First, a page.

NEW YORK — “We’re fighting for higher wages and union security,” Laura Harshberger, a senior production editor and chair of the bargaining unit at HarperCollins, told the Militant. Some 200 workers — hourly employees in editorial, sales, publicity, design, legal and marketing — have been on strike since Nov. 10. New York-based HarperCollins is one of the largest publishers in the country and the only major publisher with a union. The workers are organized by United Auto Workers Local 2110.
Their contract expired a year ago, Harshberger said. It was extended month by month until April, when the company refused to extend it again. “That meant the ‘no strike’ part of the contract also was no longer in effect.”
HarperCollins had record profits in 2020 and 2021, she said. In the third quarter of 2022 the company made $39 million. “The starting wage is only $45,000 and the average is $55,000. With inflation, you just can’t live on that in New York City. Many of us work a second or even a third job just to get by.”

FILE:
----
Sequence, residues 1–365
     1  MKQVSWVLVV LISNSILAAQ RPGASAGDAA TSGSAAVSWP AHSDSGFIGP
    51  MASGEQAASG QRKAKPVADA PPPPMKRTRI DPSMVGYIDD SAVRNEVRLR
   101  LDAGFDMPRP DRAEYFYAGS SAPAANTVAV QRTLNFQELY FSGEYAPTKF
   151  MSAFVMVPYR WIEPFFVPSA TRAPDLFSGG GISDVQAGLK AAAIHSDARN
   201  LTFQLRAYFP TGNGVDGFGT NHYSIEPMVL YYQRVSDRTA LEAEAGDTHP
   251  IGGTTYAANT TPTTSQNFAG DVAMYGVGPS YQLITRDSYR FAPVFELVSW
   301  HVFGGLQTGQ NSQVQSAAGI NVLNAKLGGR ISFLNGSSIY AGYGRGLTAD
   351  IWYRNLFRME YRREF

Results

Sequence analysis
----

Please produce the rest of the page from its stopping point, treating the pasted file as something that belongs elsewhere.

In addition to livable wages, the workers are fighting for “union security,” Harshberger said. “Right now this is an open shop.” Each individual decides whether to join the union and pay dues, even though everyone benefits from having the union.
After a big organizing effort close to 200 of the 235 or so workers covered by the union contract have joined, Harshberger said. “And not a single one of them has crossed the picket line.” This includes some new workers who have been on strike for longer than they had worked there.
“We’ve gotten incredible support,” she said. On Dec. 16 “we had a rally of 100 people.” Several authors, politicians and workers from other unions came. Those joining the picket line include union members from American Federation of State, County and Municipal Employees District Council 37; adjunct professors at the New School; workers from the Starbucks Roastery, who had been on strike; and even nonunion workers from other publishers who are watching this fight closely. “We know we’re going to be here for a while. But we’re ready to stay out as long as it takes,” Harshberger said.
“We have the publishing industry paying attention,” said Kelly Danber, a senior sales support associate who has worked at HarperCollins for five years.
Join the picket lines at 195 Broadway. (Picketing will resume Jan. 3, weekdays 10:30-2:30.) Contributions can be sent to HarperCollins Solidarity Fund, Attn: Lynne Weir, Region 9A UAW, 111 Founders Plaza, 17th Floor, East Hartford, CT 06108.